The city's "temporary" strip-club moratorium, renewed by the city council every year since 1988, could soon be undone by a lawsuit that charges the de facto ban unfairly targets a single, legal industry ["Naked City," Erica C. Barnett, March 17]. Last week, in a preemptive strike against the strip-club industry, Mayor Greg Nickels proposed a slate of new regulations that together would eliminate most of the economic incentive for opening strip clubs in Seattle.
The new rules, which Nickels unveiled last Thursday, would, among other changes, require lighting bright enough to make "all objects" clearly visible; prohibit strippers from taking tips directly ("tips for dancers must be placed in a container provided by the club"); and impose "a four-foot rule for lap dances," according to the mayor's paradoxical press release. Under the new regulations, strip-club owners and managers would be directly responsible for any violations of the law.
"We're trying to prohibit illicit behavior," Nickels spokesman Marty McOmber says. "Frankly, there's a court case out there, and if we lose that court case, our neighborhoods would be vulnerable."
In a statement, Nickels said he proposed the legislation because "I don't want strip clubs opening up in our neighborhoods... As a city, we have a clear duty to protect our neighborhoods from activities that aren't appropriate near homes, schools, and churches." On Monday, the Seattle Times chimed in, editorializing that without the new rules, "there is the prospect of new clubs popping up in every vacant restaurant and storefront."
To listen to the rhetoric coming out of the mayor's office and the morality police at the Times, you'd think Seattle was being overrun by hundreds of wannabe strip-club owners. But the truth is, until former comedy club owner Bob Davis filed his $5 million claim against the city, no one had so much as challenged the moratorium—much less attempted to open a strip club. (On Monday, Davis said he couldn't comment on the legislation while his lawsuit remained pending in federal court, adding, "obviously, I disagree with the mayor's ideas" about strip clubs.)
Reading the proposed legislation, it's hard to see how the city's four existing strip clubs could survive such a dramatic regulatory overhaul. And that, some speculate, is exactly the point. "There's no question that these folks will go out of business," one council staffer said Friday. McOmber, unsurprisingly, denies the mayor's legislation targets existing strip clubs. "Obviously, this is going to take away some economic incentive to open up strip clubs," he says. However, he adds, "our intention is not to put anyone out of business. It's to bring Seattle in line with other places"—suburbs and smaller cities like Bellevue, Tacoma, and Kent, where courts have upheld similar regulations.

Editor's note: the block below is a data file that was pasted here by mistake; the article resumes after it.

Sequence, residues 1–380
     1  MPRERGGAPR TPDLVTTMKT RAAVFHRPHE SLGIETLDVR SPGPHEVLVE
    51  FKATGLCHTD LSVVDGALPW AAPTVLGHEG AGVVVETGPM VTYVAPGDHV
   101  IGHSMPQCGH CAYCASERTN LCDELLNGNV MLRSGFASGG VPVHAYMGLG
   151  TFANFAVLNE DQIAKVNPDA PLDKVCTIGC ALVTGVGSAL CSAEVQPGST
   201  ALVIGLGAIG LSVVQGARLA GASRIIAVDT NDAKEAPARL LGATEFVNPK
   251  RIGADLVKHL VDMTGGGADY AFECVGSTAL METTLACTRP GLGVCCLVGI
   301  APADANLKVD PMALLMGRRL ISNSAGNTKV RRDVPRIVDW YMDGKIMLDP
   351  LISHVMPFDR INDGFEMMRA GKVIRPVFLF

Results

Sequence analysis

The new rules, incidentally, would do absolutely nothing to keep strip clubs away from "churches, homes, and schools"—the issue that has Nickels's office in such a purported frenzy. Instead, Nickels wants to put off that question until later this fall, when he'll propose a new set of zoning rules aimed at keeping adult businesses away from churches, schools, and residential areas.
On Friday, several theories were circulating on the council floor about why the mayor sent his strip-club legislation to the council now, rather than waiting to see what happened with Davis's lawsuit. Some speculated that the mayor wanted to hand a red-meat issue to conservative candidate Casey Corr, a former Nickels staffer who jumped into the race for Jan Drago's seat on Friday.
Two years ago, when then-council-incumbent Margaret Pageler proposed a similar "four-foot rule" for strip clubs, she got laughed off the council dais. This time, in the wake of the 2003 election, in which campaign donations from strip-club owners and employees contributed to the political demise of at least two council incumbents, no one is laughing. In an informal poll, several council members expressed reservations about the usefulness of Nickels's legislation, but said they would probably vote for it anyway. Nickels's zoning changes will likely find a similarly friendly reception when they reach the council floor this fall.
Let's say, hypothetically, that Nickels's legislation does push strip clubs out of business. Since strip clubs are located in large venues with stages, it seems logical that bars or clubs would open in their place. Would residents of neighborhoods like Northgate, who now complain about disorderly behavior near clubs like Rick's (which can't legally serve alcohol), be willing to accept the drunken behavior that occurs near bars? If the council goes ahead with Nickels's anti-strip-club agenda, we may soon find out. ■